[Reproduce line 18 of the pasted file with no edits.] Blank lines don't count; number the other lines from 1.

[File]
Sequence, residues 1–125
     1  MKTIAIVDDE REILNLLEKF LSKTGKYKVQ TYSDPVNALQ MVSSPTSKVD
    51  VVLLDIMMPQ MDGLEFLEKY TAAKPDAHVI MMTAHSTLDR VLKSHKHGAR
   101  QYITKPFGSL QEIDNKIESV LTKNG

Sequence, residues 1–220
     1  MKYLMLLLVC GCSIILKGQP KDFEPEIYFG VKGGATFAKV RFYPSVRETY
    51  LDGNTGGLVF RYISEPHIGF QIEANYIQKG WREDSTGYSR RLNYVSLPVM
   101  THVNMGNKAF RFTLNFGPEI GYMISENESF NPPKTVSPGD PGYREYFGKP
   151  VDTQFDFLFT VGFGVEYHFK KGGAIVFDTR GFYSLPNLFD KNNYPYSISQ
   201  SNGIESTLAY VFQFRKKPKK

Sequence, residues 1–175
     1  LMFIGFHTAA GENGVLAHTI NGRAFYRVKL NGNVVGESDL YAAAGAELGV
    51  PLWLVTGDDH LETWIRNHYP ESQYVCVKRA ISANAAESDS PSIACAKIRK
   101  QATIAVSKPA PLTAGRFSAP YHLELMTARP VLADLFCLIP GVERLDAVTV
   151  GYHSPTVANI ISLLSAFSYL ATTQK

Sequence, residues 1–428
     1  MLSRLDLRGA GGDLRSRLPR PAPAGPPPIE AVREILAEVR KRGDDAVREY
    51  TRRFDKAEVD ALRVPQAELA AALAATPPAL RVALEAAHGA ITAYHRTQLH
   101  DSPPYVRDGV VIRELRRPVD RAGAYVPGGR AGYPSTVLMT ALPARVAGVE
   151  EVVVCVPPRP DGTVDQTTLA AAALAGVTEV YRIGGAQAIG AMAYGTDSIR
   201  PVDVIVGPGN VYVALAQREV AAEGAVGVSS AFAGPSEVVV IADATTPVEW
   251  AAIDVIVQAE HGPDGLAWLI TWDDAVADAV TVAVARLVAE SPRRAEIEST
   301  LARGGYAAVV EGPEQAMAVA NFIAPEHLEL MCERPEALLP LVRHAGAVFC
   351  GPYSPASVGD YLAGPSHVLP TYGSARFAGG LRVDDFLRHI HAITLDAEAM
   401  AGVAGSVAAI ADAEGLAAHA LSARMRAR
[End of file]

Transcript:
    51  TRRFDKAEVD ALRVPQAELA AALAATPPAL RVALEAAHGA ITAYHRTQLH